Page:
We’ve got circuits and teams who provide the cars. Now we just need a driver to actually drive the car. In the final part of the USA feature, I cover some of the American drivers that have competed in Formula One.
Alexander Rossi, who is racing for Manor Marussia is the most recent American driver in F1, but he isn’t the first and hopefully won’t be the last.
There have been three Hill’s to have won the Formula One drivers championship, two of them are British. Phil Hill however is American and is the countries first F1 champion having claimed the 1961 title after his team mate, Wolfgang Von Tripps was killed during that year’s Italian Grand Prix.
He claimed three wins during his career, which lasted from 1958 to 1966, two were at the Italian Grand Prix, the other being the Belgium Grand Prix.
One of the most famous names in Formula One is Mario Andretti who competed in the sport from 1968 until 1982. He won twelve Grand Prix’s during his career and claimed the drivers title in 1978, driving for Lotus which he won the majority of his Grand Prix’s with. He also won for Ferrari in 1971.
Dan Gurney initially competed in the sport from 1959 to 1968 before briefly returning in 1970 for a few races with McLaren. In that time he won four races, of which one was with his own team. He also gave the Porsche Formula One team its sole victory at the 1962 French Grand Prix.
Like Phil Hill, Gurney also drove for Scuderia Ferrari, in 1959, he competed in four rounds for the Italian team managing to finish on the podium twice.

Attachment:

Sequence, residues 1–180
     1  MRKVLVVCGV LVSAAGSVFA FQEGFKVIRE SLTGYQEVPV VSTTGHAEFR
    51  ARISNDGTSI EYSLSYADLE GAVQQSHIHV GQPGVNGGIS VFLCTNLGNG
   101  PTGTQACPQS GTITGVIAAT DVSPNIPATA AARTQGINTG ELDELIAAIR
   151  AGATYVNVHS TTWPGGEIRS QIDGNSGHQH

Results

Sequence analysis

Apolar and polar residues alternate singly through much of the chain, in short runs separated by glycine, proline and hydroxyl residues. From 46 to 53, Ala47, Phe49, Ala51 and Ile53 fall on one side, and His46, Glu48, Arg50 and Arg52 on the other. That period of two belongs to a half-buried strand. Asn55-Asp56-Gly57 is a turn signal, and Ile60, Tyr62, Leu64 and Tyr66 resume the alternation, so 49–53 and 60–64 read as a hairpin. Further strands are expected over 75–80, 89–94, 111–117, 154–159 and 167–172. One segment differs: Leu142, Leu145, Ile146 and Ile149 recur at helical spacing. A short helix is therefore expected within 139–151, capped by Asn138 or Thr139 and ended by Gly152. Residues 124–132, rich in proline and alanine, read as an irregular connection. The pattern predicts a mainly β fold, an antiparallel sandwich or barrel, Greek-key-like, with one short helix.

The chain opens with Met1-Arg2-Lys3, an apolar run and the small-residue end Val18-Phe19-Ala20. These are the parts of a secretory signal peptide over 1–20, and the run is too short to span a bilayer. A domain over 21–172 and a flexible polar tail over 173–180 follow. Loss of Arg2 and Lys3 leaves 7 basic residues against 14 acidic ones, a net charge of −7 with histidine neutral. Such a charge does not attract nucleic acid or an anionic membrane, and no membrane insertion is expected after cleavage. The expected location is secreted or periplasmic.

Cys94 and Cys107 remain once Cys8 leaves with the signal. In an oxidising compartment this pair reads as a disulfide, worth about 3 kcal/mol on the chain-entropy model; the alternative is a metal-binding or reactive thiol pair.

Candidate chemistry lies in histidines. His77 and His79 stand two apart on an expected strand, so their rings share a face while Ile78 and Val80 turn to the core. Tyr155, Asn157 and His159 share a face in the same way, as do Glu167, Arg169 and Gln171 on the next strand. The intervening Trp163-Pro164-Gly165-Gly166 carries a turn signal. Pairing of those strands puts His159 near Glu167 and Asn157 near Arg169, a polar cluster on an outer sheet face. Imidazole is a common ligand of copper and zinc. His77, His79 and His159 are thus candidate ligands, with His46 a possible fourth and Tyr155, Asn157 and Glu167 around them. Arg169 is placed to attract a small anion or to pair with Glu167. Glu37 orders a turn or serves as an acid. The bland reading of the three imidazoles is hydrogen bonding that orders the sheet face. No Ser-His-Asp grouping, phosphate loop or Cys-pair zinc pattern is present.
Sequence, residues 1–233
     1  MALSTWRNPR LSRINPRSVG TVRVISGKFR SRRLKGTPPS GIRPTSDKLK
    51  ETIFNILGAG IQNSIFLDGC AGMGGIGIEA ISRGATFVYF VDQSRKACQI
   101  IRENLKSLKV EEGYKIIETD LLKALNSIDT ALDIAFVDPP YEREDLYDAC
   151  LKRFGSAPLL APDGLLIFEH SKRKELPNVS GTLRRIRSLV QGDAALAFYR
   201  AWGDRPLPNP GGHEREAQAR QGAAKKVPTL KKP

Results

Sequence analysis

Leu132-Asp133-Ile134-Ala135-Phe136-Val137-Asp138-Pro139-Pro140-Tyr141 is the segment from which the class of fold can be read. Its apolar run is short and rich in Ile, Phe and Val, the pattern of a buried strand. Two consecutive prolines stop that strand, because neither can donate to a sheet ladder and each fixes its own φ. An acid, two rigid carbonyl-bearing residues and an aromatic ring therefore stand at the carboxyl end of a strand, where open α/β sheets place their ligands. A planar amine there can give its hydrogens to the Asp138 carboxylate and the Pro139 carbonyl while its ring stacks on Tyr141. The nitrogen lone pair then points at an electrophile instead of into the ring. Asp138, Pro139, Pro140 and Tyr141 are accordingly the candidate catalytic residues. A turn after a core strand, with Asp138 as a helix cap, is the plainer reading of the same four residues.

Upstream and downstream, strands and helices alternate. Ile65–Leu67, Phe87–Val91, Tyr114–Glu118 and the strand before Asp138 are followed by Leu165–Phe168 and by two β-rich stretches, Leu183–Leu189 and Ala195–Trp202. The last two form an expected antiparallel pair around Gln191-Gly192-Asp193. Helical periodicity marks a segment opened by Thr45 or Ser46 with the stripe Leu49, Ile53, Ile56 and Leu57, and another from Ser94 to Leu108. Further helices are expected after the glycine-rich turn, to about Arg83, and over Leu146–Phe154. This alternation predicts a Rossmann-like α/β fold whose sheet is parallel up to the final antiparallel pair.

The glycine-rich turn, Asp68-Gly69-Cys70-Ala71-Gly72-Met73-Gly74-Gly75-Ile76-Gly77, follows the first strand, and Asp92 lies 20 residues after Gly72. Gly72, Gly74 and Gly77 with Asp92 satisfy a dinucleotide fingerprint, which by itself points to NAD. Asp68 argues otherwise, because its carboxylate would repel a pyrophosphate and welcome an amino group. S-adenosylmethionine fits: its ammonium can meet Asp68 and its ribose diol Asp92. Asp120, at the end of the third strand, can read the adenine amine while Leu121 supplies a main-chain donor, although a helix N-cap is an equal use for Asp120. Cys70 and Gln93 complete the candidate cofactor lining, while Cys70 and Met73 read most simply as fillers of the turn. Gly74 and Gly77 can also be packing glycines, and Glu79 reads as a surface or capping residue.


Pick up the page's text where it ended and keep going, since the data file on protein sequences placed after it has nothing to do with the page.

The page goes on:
Gurney’s highest championship finish was fourth which he achieved in 1961 and 1965. He achieved these fourth places with Porsche and then with Brabham.
Richie Ginther competed in Formula One from 1960 to 1967. In that period he claimed numerous podium finishes with Ferrari and BRM. He also won one Grand Prix, with Honda in 1965.
Like Gurney, Ginther started his career with Scuderia Ferrari where he managed four podium finishes, one in 1960 (his debut year) and three the following year.
Ginther’s highest finish in the Drivers Championship was third which he achieved in 1963 with British Racing Motors (BRM). In that season he scored points in eight of the ten rounds which included five podium finishes.
Competing in Formula One mainly from 1971 to 1974, although having competed briefly in 1964, Peter Revson won two Grand Prix during his career, both in 1973 for McLaren. His highest championship finish is fifth which he achieved in 1972 and 1973, both with McLaren.
His career was cut short however after being killed in a crash whilst testing before the 1974 South African Grand Prix with Shadow Racing.
Due to the Indianapolis 500 being part of the Formula One calendar from 1950 to 1960, any American driver who competed in the event could also be considered a F1 driver and anyone who won the Indy 500 during this period has also technically won a Formula One race.